Integrating with Unity

Now that you have Kinesis set up and the correct IAM permissions in place, you will be able to ingest data from your game to your data analytics pipeline.

  • In Unity, open the EventsManager.cs script. This script batches event data for certain in-game events and sends the event data to Kinesis. The batch size is set to 4 records for this workshop, but in production that value should be much higher. This script creates events for when the app is loaded, when a player signs up for an account, signs in to an account, makes a transaction, and more.

  • First, look for the streamName variable and edit it to include the name of your Kinesis stream.

private static string streamName = "Peculiar-KDS";

Another important change to make in the code if you are using the Game Analytics Pipeline Solution is to change the application_id to that of the Game Analytics Pipeline, which you can find in the Outputs section of the CloudFormation template. This is out of scope for this workshop.

Let’s summarize what the code in this script is doing. We are initializing the kinesisClient with our Cognito credentials so we can put records into the Kinesis stream.

private static AmazonKinesisClient kinesisClient =
    new AmazonKinesisClient(CredentialsManager.credentials, CredentialsManager.region);

A record is also created for each event, which contains data including the event id, event type, event name, timestamp, and more.

 Dictionary<string, object> record = new Dictionary<string, object>()
        {
            { "event_id", event_id },
            { "event_type", event_name },
            { "event_name", event_name },
            { "event_timestamp", current_time },
            { "event_version", "1.1.0" },
            { "user_id", CredentialsManager.userid },
            { "session_id", session_id },
            { "event_data", event_data }
         };

Now lets look at the Put_Records method. In this method, a PutRecordsRequestEntry is created. This represents the output for the PutRecords SDK call.

List<PutRecordsRequestEntry> formatted_records = new List<PutRecordsRequestEntry>();

The data is converted to JSON using the Newtonsoft package to serialize dictionaries.

string jsonData = JsonConvert.SerializeObject(rec, Formatting.Indented);

Finally, data is sent to Kinesis using the PutRecordsAsync SDK call. This writes multiple data records into a Kinesis data stream in a single call.

Task<PutRecordsResponse> responseTask = kinesisClient.PutRecordsAsync(new PutRecordsRequest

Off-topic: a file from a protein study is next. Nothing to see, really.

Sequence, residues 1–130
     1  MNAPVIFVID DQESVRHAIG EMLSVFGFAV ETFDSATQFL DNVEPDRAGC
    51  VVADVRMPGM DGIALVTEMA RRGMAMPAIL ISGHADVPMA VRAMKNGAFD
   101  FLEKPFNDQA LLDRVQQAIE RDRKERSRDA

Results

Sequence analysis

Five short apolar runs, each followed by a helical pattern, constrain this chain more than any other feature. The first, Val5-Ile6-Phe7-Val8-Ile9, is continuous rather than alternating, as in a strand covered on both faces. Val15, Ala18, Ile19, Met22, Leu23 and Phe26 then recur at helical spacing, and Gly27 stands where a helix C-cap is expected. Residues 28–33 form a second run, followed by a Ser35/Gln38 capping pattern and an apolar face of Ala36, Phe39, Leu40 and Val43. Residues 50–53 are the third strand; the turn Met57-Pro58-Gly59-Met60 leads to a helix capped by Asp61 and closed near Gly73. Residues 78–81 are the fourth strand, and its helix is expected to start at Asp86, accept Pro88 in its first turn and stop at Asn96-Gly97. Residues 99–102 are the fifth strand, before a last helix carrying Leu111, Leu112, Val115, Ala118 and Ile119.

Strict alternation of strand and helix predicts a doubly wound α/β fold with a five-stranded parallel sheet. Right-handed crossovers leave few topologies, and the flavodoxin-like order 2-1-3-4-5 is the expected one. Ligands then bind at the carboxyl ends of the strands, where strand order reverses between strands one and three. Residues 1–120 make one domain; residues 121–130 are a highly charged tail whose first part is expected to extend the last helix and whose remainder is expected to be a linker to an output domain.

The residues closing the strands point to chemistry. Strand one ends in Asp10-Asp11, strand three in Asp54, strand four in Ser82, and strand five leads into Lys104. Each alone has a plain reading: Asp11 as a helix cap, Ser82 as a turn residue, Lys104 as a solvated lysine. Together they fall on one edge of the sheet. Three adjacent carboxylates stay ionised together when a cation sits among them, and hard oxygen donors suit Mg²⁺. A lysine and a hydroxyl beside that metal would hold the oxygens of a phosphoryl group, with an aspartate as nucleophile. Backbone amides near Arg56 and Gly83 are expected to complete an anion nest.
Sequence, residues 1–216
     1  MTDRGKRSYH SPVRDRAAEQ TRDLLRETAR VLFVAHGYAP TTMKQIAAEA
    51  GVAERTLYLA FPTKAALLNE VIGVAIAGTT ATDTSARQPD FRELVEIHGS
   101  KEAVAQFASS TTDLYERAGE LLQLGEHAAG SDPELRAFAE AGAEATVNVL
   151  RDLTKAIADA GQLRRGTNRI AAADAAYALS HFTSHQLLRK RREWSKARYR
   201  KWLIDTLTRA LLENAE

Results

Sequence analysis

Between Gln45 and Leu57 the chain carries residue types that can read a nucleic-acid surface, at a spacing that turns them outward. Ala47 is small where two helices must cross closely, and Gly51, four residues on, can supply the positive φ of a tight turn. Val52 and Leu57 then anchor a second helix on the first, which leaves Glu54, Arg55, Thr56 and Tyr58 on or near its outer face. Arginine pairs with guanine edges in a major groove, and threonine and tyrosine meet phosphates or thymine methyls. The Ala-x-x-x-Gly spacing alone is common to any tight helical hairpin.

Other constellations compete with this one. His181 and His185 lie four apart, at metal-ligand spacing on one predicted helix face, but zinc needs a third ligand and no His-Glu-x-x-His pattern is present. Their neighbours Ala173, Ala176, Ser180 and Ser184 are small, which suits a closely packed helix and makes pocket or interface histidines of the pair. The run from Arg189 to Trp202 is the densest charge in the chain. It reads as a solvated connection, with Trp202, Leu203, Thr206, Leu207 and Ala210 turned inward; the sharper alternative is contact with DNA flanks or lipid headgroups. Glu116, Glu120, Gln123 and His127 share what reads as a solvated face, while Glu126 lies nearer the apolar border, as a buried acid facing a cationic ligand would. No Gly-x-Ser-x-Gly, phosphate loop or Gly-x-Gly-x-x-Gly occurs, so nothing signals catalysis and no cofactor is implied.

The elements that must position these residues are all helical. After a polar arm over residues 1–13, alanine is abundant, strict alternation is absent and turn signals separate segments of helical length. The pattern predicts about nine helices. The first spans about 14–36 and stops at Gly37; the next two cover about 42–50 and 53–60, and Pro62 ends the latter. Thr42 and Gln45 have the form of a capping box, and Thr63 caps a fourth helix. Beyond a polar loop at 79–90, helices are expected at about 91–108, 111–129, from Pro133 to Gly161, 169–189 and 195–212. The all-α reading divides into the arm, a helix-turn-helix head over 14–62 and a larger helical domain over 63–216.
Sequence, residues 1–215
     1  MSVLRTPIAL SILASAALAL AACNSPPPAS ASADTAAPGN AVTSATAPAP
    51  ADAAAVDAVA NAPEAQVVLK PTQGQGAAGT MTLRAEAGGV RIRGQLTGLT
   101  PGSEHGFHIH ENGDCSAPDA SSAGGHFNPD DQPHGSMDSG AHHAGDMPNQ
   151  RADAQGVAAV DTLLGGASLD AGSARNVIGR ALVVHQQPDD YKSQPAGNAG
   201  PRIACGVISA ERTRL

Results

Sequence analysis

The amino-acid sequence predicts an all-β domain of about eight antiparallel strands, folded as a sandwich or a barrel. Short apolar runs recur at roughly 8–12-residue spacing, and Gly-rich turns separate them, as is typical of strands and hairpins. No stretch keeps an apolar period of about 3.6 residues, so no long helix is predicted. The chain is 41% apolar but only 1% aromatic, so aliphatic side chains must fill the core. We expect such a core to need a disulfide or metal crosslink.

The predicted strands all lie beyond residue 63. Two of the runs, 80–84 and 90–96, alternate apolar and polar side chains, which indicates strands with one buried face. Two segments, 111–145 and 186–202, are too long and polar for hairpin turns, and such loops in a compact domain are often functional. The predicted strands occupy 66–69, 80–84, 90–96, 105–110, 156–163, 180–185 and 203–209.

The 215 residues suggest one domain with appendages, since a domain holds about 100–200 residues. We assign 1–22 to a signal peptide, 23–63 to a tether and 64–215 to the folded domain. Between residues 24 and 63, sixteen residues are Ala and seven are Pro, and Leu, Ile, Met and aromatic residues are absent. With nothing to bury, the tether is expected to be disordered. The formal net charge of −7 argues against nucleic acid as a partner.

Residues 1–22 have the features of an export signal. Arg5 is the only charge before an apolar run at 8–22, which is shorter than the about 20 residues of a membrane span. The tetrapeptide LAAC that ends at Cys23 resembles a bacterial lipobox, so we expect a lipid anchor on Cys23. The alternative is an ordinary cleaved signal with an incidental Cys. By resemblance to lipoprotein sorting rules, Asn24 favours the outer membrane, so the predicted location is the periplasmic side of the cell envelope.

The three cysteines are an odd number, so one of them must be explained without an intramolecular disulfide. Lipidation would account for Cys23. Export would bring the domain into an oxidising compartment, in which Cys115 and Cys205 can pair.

{
            Records = formatted_records,
            StreamName = streamName
        });

PutRecordsResponse responseObject = await responseTask;

The code in this Unity project and the schema for the data works with the Game Analytics Pipeline as well, so you can take learnings from this workshop and use it with the official solution.

  • Save the code and test it by playing the game. Sign in and purchase some wizard hats and even try buying coins. You will see that everything you do has an event that is generated and added to a batch of records. This is shown in the console. Click around until you see that data has successfully been sent to the stream.

  • You can even view stream metrics in Kinesis. Go to your Kinesis Data Stream and select the Monitoring tab. You can view metrics such as put record success and put record latency from the producer applications (in our case, the game engine).

You can also view metrics like get records latency and get records success from the consumer applications (in our case, Kinesis Data Firehose).

You can also view metrics in Kinesis Data Firehose such as Records read from Kinesis Data Streams and Bytes read from Kinesis Data Streams:

As well as metrics like S3 data freshness, records delivered to S3, and more.

  • You can view your data in S3 by navitaging to the S3 bucket. In the AWS Management Console, go to Amazon S3 and search for the S3 bucket you created. This workshop uses the bucket peculiar-wizards-data-lake however your bucket name will be different since bucket names are globally unique.

  • Click through all the partitions – the data should be organized by year, month, and day. You will see that you have data in your bucket now!

  • You can download the files and open a text editor to view the contents.

Now, there is not much data yet because you are only one player! In the next section, we will simulate a lot more data being generated from many players.